Castle of Neratzia

The castle of Kos, better known as the castle of Nerantzia (castle of the sour orange tree), is the most important part of the fortifications constructed on the island by the Knights Templar at the end of the 14th century A.D. It ows its name to the many sour orange trees that were planted in Kos during the late years of the 14th century and the early years of the 15th century, when the whole city came to be called by this name.

The castle consists of two fortified curtain walls. The inner curtain wall is the oldest. It is rectangular shaped and on its corners boasts 4 high towers. A wide moat (ditch) seperates the two curtain walls which are connected only by a single inclined road on the eastern side of the castle.

The castle of Nerantzia along with the castle of Saint Peter on the opposite coast of Ancient Alicarnasus (today's Bodrum Castle) controlled the sea way towards the holly lands during the period of the crusades.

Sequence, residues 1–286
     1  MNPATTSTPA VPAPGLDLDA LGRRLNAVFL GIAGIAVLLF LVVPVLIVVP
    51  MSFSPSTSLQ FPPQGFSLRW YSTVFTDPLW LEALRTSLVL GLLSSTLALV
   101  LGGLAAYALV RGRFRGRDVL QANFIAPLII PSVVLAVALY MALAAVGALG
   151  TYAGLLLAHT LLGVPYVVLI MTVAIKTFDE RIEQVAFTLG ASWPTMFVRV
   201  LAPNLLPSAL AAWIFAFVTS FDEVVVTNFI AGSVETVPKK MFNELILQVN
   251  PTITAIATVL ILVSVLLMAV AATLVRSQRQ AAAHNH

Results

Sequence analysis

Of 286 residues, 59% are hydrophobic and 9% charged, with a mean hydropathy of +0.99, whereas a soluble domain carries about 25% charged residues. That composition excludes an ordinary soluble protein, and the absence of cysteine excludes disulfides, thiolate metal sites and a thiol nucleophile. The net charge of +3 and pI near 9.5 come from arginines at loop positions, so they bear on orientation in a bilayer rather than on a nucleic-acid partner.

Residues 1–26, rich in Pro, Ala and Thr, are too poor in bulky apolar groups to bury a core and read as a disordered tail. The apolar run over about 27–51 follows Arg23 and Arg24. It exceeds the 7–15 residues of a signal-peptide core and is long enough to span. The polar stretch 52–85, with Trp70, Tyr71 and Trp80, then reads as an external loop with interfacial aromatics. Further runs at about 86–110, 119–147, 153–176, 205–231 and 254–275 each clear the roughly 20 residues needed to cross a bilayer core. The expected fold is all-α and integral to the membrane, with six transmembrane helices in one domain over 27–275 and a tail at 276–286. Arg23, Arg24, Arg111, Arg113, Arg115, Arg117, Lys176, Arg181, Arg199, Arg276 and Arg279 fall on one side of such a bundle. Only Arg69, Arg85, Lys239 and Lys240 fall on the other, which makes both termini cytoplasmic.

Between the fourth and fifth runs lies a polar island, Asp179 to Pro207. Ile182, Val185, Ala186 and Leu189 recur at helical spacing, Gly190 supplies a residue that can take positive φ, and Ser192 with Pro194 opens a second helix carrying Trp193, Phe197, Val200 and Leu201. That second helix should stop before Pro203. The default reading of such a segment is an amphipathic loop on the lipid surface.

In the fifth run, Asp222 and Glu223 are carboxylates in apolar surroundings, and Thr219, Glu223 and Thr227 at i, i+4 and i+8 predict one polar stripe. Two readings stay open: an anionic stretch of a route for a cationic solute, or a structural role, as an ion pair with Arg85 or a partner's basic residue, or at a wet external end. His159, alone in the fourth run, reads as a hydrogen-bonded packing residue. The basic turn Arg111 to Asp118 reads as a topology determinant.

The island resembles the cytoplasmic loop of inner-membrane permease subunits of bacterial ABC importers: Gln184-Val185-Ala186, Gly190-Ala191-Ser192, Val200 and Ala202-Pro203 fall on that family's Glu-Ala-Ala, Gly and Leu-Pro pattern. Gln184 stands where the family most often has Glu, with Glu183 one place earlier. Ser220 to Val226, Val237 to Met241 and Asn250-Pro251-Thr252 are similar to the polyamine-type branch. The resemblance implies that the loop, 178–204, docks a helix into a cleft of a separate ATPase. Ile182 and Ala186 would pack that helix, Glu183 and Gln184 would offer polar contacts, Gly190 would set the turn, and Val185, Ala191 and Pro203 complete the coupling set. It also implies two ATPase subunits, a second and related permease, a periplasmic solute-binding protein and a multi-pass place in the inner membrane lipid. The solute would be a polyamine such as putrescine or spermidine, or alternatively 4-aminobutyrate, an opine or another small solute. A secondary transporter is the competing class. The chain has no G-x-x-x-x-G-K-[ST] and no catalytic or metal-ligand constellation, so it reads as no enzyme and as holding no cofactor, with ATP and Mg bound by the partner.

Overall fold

In the construction of the castle various architectural elements from the ancient city of Kos and the Asclepieion were used. Many of these can still be seen today embedded in the walls of the castle.

During the 19th century the castle was used as the barracks of the Turkish garrisson and as the home of the Turkish commander of the island.

On March 17th 1816 a gun poweder room exploded by accident and destroyed a large part of castle. The castle's current state is a result of the restoration efforts of the Italian Arcaheological Department, which, during the Italian occupation period, removed the additions that had been created during the Ottoman era and tried to restore the castle to its original state and form.

During the German occupation, the castle hosted the German garrison and was used as a prison for the emprisonment of Greek patriots.

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